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dc.creatorPawlik, Timothy M.
dc.date2000-01-01
dc.date.accessioned2012-08-21T19:53:20Z
dc.date.available2012-08-21T19:53:20Z
dc.date.issued2012-08-21
dc.identifierhttp://digilib.bu.edu/journals/ojs/index.php/jfse/article/view/94
dc.identifier.urihttp://hdl.handle.net/2144/3988
dc.descriptionThe ethics of human experimentation is a relatively new phenomenon in medicine. The Nuremberg Code and the Helsinki Declaration focused on informed consent in human experimentation. More recently, ethicists have begun to emphasize that, beyond the need for consent, the \"content\" of the experiment also needs to be ethical. The method and process of the experiment must be humanizing and affirming of the subject as moral agent. The religious perspective has provided a comprehensive moral foundation, demanding respect for the subjects\' moral agency and their right to he treated as equally worthy members of the human community, thus ensuring the integrity of the subject as person.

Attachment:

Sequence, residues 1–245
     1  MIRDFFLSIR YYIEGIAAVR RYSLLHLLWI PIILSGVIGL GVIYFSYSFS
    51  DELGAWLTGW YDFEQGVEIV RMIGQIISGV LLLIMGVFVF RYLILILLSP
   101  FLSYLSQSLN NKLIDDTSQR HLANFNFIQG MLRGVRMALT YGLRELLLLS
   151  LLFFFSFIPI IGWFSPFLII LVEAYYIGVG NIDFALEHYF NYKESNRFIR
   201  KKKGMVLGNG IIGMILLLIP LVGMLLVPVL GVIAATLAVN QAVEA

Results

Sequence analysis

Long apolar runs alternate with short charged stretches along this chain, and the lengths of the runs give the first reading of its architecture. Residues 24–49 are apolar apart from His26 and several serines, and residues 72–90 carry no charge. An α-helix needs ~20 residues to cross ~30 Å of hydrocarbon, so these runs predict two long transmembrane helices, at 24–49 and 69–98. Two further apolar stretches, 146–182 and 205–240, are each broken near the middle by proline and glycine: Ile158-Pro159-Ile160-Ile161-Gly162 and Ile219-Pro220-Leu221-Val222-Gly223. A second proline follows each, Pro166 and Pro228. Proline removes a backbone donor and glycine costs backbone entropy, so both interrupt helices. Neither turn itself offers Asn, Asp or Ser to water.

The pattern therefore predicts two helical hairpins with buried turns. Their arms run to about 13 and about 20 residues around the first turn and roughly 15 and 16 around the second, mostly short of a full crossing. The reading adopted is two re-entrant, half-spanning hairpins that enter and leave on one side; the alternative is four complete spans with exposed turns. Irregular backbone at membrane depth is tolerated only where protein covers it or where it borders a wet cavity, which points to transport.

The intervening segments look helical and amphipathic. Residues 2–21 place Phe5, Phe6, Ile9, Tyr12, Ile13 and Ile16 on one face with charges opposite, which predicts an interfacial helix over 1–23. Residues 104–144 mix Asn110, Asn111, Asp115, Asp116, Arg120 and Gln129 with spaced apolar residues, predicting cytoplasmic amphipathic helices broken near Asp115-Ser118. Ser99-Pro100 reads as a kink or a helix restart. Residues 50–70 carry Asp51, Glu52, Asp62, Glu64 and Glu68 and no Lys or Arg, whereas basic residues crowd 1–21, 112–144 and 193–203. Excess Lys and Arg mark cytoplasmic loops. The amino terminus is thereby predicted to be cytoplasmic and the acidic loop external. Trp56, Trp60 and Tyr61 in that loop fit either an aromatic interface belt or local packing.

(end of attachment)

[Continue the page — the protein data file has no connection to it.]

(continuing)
dc.formatapplication/pdf
dc.languageeng
dc.publisherBoston Theological Institute
dc.relationhttp://digilib.bu.edu/journals/ojs/index.php/jfse/article/view/94/94
dc.sourceJournal of Faith and Science Exchange; Journal of Faith and Science Exchange, Vol. 4
dc.titleThe use of Human Subjects in Biomedical Research: A Problematic Scientific Past Shapes Present Ethical Challengesen_US
dc.typeinfo:eu-repo/semantics/article
dc.typeinfo:eu-repo/semantics/publishedVersion


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